What is rotten

Lazy

Everyone - or almost everyone - would like to do it, but simply don't have the time. That is bad. Because people need relaxation and sometimes have to be able to be really lazy.

Something is wrong!

To say it in advance: Not every lazy person is lazy; and idlers are not exclusively unemployed people who are unwilling to work. Not at all lazy, but diligent and conscientious, we go to the bottom of the "lazy" and discover that our keyword has nothing to do with "work-shy" or "lazy" or "listless". "Lazy" actually means "stinky", "musty". Lazy describes a condition that has been caused by a chemical process: namely that of decomposition by bacteria.

Since decomposition can affect almost anything, there are tons of bad things to do. Think of food, rotten fruit for example. "A rotten apple makes ten people lazy next to it", the German-language edition of Johann Geiler von Kaisersberg said in 1520. So if you don't pay attention and cut out the rotten spots or throw rotten fruit on the compost heap, they will all rot and be gone. It's like the bad tooth. The lazier the more hardworking the dentist - when you have overcome fear and laziness and go to the practice with big cheeks.

Very lazy

Wood also rots, it smells rotten or musty, wet leaves become slippery, it rots. Standing water can become putrid and tastes accordingly. We don't even want to talk about rotten eggs and their unmistakable smell. Stinking lazy or stinking lazy can be traced back to this context as transferred meanings for the appropriate characterization of a loved one. Before the "stinking laziness" comes normal laziness or everyday laziness. Something rotten doesn't move. The dead fish just as little stirs as the rotting apple that has fallen from the tree.

"Lazy" and "lazy" are words that are used in everyday language to devalue something in the pictorial expression. In general we say: "Something is wrong." We don't know exactly what it is, but we do know that something is wrong, something is wrong. There are lazy compromises, that is, unsatisfactory, not entirely clean agreements. We know the famous lazy excuses that everyone knows are badly made up but still can't be called lies. If we feel that something is wrong with a business, we should stay away from it. When we find that something is wrong here or there; if something is completely or not at all right, we quote Shakespeare and say carefree: "Something is wrong in the state of Denmark". - Hamlet 1st act, 2nd scene.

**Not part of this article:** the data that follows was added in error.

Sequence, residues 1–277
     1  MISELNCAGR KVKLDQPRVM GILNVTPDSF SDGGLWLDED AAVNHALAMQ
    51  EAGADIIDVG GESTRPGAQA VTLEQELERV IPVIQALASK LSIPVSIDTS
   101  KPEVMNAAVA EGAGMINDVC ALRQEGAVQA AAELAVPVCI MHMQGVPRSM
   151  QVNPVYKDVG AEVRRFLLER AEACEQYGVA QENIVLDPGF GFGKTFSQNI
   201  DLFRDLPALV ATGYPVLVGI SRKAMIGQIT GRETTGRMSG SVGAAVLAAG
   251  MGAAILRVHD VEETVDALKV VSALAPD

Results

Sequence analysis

How do sloths lazy?

But Denmark or Hamlet's laziness has nothing to do with what we mean by idleness or idleness. And as far as the right to be lazy or lazy: We just take it, at least on vacation. There we are, if we can still do it, really lazy, turn into satisfied lazy people and lie on the proverbial lazy skin, are lazy and only talk about the bare minimum.

There is something special about lazy skin and lazy people. "Lazy" is an old word for the thick layer of fungus that covers the putrefactive substances with the rotten skin. "Lazy" sounds nice to someone who has been lying in a hammock for hours, just as an example. The idler, however, is one who is fundamentally work-shy. To put it very badly: someone who stinks of laziness. "Lazy" comes from "vulenzen", which in the Middle High German language meant "to taste rotten". To lazy people it would also be said that this is also the name given to supports for fishing rods and particularly comfortable deck chairs. "What about the sloth?" You ask. Well, it just looks like it.


Questions about the text

Which does ______________ mean lazy in the proper sense?

1. tasty and appetizing

2. safe and sound

3. smelly or moldy

When someone says: "Something is wrong", he means that there ...

1. something is wrong

2. everything is OK

3. something smells bad

Who or what is a slacker?

1. a certain type of hammock

2. a work-shy person

3. a rotten egg

Work order

In the hammock under the palm trees or on the sofa in front of the crackling open fire - how do you like to be lazy? Describe a day when you have nothing to do but relax.

Author: Michael Utz

Editor: Shirin Kasraeian